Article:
The signage in the area was once something of an afterthought for landlords. But these days, landlords are racing to put ever-larger signs on their buildings in a bid to get the $2 million to $4 million a year, or more, such signs can bring.
Vornado Realty Trust has said it is planning a sprawling new digital sign display on the 300-foot-long base of the Marriott Marquis hotel on 46th Street and Broadway. New York developer Steve Witkoff and his partners have said they view signage as a significant profit driver in their plans to raze an office building and build a retail development on 47th Street and Seventh Avenue.
At an investor conference earlier this month, Edward Piccinich, executive vice president at SL Green Realty Corp., described the company’s planned giant digital signage in Times Square as the “magnum opus” of a new development that is set to hold a flagship store for clothing retailer Express Inc., which is also leasing the sign.
Express, in turn, could make money leasing out the sign part of the time to advertisers. “Those signs are worth a fortune,” Michael Weiss, Express’s chief executive, said at an investor conference earlier this year, according to a transcript. “I mean, they cost you a fortune, but they’re worth a fortune.”
Of course, the advertising business can be rocky. General Motors Co. gave up a big sign on One Times Square, along with other leased real estate, following its 2009 bankruptcy filing. The auto maker’s sign was replaced by Dunkin’ Donuts.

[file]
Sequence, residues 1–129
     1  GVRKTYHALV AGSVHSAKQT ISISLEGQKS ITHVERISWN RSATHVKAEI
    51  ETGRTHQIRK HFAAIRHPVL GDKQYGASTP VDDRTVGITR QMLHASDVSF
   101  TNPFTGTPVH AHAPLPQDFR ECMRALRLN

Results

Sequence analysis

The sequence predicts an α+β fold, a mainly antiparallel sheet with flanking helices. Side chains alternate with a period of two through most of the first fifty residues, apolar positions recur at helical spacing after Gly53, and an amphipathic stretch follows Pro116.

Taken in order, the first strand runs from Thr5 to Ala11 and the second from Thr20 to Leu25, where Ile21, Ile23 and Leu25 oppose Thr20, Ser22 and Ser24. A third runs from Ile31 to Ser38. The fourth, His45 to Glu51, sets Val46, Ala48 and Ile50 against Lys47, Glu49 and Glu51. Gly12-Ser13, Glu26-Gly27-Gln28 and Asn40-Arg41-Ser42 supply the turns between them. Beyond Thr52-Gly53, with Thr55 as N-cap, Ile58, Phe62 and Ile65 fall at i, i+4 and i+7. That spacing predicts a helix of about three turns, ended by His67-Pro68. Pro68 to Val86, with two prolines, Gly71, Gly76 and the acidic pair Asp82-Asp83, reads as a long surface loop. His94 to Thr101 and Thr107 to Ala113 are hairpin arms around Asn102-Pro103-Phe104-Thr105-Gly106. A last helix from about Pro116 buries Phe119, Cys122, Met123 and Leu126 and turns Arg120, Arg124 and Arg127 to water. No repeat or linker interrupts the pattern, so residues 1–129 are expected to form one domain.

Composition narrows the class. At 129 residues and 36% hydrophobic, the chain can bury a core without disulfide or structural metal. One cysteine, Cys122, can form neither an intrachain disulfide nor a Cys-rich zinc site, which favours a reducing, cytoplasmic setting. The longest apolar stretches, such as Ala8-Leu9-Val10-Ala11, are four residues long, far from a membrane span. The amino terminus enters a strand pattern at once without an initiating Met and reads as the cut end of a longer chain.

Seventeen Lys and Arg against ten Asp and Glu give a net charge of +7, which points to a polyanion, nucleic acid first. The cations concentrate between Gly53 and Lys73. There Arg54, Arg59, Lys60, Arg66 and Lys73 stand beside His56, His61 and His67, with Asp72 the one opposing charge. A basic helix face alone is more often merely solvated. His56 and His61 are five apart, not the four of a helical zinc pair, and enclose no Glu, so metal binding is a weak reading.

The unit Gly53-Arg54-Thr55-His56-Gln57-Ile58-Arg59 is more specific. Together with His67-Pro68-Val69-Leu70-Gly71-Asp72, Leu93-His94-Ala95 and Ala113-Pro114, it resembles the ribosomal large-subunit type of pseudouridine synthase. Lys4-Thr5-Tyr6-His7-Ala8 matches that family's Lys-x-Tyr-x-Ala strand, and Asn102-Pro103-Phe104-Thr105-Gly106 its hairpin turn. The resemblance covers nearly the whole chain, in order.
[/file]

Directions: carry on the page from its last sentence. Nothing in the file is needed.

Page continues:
For One Times Square, the times weren’t always so great. At one point, planners called, unsuccessfully, for the building, built in 1904, to be torn down as part of a larger area redevelopment. But the district has blossomed over the past two decades, thanks in part to a state-led effort that promoted new development, and One Times Square’s value gradually grew.
“That’s the one that got away in my life,” said Lawrence Linksman, who sold the property in the early 1980s for about $10 million after what he says was an ownership dispute. He said he avoids the area these days because the memory is painful.
Jamestown bought the building 15 years ago with New York-based Sherwood Equities, its partner at the time. This fall, Jamestown refinanced to get a $208 million mortgage from Goldman Sachs Group Inc. on the tower, which was sold off to bond investors earlier this month in the form of commercial-mortgage-backed securities.
The advertisers who take space in the tower say the prices are high, but the visibility is unparalleled.
“There’s a statement we make in being there—and we think the placement we’ve got is outstanding,” said Blaise D’Sylva, a vice president for marketing at Anheuser-Busch.
Still, for others, the cost has gotten too dear. Nissin Food Products Co., which used to have a picture of a giant Japanese-style ramen noodle cup on One Times Square, didn’t renew when its lease expired a few years ago.
“We had to sell a lot of ramen before the billboard paid for itself,” said Linda Chung, assistant vice president of marketing at Nissin.
Others question whether the increase in signs throughout the area—more than 230 now—will dilute the value of existing signs.
“You’ve probably overcooked it over there,” says Neill Macklin, who oversees signage for landlord Land Securities Group PLC at Piccadilly Circus.